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The effect of dopamine for focal hand dystonia after stroke

  • Bomi Sul
  • Joon Sung Kim
  • Bo Young Hong
  • Seong Hoon LimEmail author
Letter to the Editor
  • 35 Downloads

Dear Editor,

Abnormal movements after cerebrovascular diseases are rare manifestations; however, the symptoms can be devastating for the patients. The most common post-stroke abnormal movement disorder is reported as dystonia, which can involve the contralateral face, arm, or leg, and most cases involved a structural lesion in the basal ganglia, most commonly in the putamen [1]. Medical therapy is known to be not very effective; however, a small dosage of dopamine can be a safe option of treatment while activating and restoring the function of the striatum [2].

A 42-year-old, right-handed man presented with clumsiness of his left hand for the last several months. He demonstrated painful cramping of his left hand while trying to make a fist (Video 1). He confessed that he had experienced mild dysarthria 6 months ago, but it soon disappeared. At that point, he was diagnosed by cerebral infarction and has been taken antiplatelet therapy. After then, clumsiness and painful cramping of the...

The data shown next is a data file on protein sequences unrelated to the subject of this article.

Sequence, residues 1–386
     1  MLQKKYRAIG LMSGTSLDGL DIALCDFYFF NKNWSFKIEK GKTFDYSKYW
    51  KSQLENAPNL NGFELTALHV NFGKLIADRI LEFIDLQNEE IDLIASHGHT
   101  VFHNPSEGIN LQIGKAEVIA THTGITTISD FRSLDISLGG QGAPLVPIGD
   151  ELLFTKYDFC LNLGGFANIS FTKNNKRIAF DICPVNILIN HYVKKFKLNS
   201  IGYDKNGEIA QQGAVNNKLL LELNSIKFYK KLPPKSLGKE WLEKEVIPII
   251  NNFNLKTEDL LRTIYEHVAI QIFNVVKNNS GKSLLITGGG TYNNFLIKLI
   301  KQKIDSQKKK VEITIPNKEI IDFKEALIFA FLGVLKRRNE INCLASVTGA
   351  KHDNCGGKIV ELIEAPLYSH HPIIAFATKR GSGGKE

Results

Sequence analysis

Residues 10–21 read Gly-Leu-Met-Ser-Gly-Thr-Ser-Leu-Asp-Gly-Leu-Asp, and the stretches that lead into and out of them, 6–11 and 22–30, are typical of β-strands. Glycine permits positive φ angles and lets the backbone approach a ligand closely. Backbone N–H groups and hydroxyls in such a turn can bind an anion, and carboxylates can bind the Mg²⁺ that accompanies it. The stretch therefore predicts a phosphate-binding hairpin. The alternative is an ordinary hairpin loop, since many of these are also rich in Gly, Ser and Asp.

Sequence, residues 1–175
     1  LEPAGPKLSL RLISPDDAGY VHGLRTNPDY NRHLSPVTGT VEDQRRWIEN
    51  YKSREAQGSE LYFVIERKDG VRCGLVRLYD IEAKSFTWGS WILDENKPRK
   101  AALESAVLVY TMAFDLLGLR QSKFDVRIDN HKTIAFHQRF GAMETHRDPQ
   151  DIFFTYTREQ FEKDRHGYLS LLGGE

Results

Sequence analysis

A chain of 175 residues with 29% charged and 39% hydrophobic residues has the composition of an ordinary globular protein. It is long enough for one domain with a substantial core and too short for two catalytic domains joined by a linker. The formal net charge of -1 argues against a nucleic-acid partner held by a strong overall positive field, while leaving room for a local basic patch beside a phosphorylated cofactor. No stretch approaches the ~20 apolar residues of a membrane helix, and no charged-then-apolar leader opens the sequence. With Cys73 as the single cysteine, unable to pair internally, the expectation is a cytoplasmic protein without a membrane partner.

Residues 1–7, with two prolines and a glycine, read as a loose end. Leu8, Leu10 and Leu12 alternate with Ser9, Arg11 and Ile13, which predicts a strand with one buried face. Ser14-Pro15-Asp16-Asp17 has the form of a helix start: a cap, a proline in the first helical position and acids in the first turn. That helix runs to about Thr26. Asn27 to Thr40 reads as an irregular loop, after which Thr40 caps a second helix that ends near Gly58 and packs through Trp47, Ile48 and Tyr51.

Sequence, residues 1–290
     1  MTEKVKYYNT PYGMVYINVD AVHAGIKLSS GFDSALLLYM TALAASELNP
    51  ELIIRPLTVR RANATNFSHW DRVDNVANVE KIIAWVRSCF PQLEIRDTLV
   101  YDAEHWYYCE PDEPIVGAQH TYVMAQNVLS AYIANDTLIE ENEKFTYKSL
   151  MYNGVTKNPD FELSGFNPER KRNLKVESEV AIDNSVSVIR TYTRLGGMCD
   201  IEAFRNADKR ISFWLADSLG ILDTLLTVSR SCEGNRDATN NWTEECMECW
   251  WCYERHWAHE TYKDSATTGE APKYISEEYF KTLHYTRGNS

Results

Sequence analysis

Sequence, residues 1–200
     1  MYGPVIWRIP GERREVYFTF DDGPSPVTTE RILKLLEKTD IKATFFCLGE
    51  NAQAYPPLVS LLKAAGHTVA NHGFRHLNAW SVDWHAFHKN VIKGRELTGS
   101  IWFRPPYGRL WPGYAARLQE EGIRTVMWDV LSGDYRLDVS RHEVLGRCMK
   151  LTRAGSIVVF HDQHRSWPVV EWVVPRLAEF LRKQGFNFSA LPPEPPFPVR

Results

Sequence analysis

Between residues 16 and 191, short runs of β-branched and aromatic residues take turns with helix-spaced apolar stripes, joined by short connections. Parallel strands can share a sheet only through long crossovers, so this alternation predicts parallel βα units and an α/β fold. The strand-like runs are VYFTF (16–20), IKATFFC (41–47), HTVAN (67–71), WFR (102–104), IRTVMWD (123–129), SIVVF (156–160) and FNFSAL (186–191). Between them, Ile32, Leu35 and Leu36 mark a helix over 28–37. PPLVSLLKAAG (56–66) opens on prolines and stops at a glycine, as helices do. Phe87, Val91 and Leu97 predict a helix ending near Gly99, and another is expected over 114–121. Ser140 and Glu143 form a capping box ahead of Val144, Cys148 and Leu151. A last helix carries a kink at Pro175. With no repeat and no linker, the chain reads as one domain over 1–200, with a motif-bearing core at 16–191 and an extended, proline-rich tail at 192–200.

Notes

Acknowledgements

The authors would like to acknowledge Hee Seung Sim for editing the video clips used in this article despite his battle with Duchene muscular dystrophy.

Supplementary material

10072_2019_3705_MOESM2_ESM.mp4 (33.8 mb)
Video 2 (MP4 34650 kb)

References

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Copyright information

© Fondazione Società Italiana di Neurologia 2019

Authors and Affiliations

  1. 1.Department of Rehabilitation Medicine, St. Vincent’s Hospital, College of MedicineThe Catholic University of KoreaSeoulRepublic of Korea

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